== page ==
In the 1940s, as Socialist Realism took form and began to emerge following the establishment of the Communist Party’s leading position in China, its language drew from the realism that had spread throughout the Chinese mainland in the 1920s and ’30s. After 1949, Mao started to develop a cultural policy and released several statements on the matter; realism gradually transformed into revolutionary realism. Its incorporation into the revolutionary romanticism of the time meant that it ceased to be a realism that was naturalist in tendency. Rather, it gained spiritual connotations, and provided a blueprint for the political vision of socialism.
In this school of realism, artists sought methods of placing compelling, realistic details at the service of great political lies. The resources and dissemination mechanisms of art production were strictly controlled at one single source, rendering the creative motivations, education, and desires of the individual incomparably insignificant. The devastation wrought on intellectuals during the Cultural Revolution was further recorded in “scar art” and “scar literature.” During this period, hundreds of new magazines emerged, as well as thousands of translated texts and periodicals, while some selected foreign films and television programs were screened.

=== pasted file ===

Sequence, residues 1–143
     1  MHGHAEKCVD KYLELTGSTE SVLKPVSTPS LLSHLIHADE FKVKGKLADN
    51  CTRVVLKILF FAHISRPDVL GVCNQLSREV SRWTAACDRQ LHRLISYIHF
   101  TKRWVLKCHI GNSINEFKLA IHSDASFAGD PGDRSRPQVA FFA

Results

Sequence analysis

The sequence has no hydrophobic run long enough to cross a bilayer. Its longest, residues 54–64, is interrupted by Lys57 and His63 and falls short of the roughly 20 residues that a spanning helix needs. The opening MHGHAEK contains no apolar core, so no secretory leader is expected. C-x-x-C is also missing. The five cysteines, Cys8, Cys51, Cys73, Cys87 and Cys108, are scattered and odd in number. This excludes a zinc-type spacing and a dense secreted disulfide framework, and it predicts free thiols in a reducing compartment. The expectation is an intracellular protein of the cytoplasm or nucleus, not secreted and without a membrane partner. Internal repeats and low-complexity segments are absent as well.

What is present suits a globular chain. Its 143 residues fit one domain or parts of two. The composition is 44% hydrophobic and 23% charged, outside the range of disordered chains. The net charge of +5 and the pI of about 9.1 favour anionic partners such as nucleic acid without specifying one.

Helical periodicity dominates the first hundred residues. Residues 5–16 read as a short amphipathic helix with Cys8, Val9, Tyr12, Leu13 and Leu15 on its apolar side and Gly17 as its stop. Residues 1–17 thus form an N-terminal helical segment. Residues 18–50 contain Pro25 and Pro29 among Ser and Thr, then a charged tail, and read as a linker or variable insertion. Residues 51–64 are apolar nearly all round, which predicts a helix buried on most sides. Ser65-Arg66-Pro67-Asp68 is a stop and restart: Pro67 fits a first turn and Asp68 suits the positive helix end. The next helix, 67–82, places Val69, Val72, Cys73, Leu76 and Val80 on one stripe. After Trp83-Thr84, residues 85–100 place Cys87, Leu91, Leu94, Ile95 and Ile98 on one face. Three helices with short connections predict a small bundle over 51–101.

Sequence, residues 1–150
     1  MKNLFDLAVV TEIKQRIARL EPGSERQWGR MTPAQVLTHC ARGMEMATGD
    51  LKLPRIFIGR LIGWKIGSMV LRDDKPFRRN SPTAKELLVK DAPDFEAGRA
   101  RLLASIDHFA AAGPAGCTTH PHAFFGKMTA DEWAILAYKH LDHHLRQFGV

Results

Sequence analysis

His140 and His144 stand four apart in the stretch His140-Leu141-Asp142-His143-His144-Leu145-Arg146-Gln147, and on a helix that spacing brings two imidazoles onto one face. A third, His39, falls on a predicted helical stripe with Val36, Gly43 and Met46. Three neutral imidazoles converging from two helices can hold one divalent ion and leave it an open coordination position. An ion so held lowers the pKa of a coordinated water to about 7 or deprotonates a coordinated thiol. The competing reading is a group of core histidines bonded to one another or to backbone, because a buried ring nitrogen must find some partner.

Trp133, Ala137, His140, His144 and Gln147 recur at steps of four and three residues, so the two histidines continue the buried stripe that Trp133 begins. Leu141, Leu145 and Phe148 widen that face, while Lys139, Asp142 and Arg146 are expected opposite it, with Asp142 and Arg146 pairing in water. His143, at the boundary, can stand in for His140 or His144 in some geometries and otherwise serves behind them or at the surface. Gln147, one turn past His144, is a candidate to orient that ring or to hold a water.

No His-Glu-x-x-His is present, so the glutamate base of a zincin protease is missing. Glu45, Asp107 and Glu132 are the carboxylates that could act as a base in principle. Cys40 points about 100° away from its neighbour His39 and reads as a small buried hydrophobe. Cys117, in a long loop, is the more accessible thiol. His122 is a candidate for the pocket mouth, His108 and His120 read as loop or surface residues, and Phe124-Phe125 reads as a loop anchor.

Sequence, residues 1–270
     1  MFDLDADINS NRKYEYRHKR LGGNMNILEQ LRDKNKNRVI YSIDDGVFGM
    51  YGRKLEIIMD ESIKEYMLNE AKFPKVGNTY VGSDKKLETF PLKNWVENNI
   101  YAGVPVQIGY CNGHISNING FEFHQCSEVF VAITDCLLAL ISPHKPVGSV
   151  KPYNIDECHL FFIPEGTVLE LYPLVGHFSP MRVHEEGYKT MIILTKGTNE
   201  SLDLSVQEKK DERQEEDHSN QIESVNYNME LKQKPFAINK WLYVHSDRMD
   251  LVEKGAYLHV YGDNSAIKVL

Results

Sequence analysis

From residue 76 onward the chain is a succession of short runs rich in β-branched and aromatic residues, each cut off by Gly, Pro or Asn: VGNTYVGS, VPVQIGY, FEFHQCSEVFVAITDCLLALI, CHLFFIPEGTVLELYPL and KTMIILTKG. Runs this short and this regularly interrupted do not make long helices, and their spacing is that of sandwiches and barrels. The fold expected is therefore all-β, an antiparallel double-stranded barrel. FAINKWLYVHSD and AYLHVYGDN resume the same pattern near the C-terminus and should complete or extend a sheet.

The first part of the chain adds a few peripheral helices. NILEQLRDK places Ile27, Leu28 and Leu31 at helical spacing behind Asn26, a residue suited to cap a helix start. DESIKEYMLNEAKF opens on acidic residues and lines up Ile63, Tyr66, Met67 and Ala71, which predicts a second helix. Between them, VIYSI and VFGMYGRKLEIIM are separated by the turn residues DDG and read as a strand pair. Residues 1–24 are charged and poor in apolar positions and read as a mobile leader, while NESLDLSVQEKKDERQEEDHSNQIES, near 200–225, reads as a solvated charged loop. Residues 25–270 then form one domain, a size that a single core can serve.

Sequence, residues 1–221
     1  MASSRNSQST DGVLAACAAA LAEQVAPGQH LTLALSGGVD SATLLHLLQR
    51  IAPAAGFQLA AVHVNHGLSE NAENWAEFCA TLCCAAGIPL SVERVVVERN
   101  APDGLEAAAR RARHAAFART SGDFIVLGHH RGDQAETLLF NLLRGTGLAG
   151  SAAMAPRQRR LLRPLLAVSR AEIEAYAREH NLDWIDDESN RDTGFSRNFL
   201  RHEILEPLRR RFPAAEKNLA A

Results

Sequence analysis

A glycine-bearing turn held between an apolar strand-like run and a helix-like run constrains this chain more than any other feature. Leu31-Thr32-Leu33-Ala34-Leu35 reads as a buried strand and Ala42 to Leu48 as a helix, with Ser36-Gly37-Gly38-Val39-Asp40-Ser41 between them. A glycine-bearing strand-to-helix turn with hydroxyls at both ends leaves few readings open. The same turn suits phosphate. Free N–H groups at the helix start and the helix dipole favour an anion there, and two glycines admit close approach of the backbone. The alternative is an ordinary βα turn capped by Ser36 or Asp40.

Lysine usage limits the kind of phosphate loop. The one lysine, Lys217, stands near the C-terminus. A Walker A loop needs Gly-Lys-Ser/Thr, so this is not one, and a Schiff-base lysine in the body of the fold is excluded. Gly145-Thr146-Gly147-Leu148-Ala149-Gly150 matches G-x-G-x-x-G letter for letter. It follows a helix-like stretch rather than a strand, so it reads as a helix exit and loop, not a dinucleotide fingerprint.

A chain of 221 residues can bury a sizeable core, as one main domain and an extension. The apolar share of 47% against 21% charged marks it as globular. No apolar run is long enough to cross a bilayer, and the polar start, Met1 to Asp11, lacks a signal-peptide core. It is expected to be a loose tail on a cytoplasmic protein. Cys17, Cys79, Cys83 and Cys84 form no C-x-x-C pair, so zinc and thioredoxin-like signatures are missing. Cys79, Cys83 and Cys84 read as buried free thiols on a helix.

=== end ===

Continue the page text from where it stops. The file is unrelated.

The second emergence of realism in China took place after the Cultural Revolution. This time, realism emerged as a resistant stance—or perhaps it would be more accurately described as emerging in the form of dissatisfaction with the increasingly empty realism that had taken shape since the founding of the nation and the Cultural Revolution. This realism depicted a realer reality, reality as it was witnessed, not the idealized reality portrayed and promised in Communist propaganda discourse, which tended to magnify certain details in the Communist Party’s favor.
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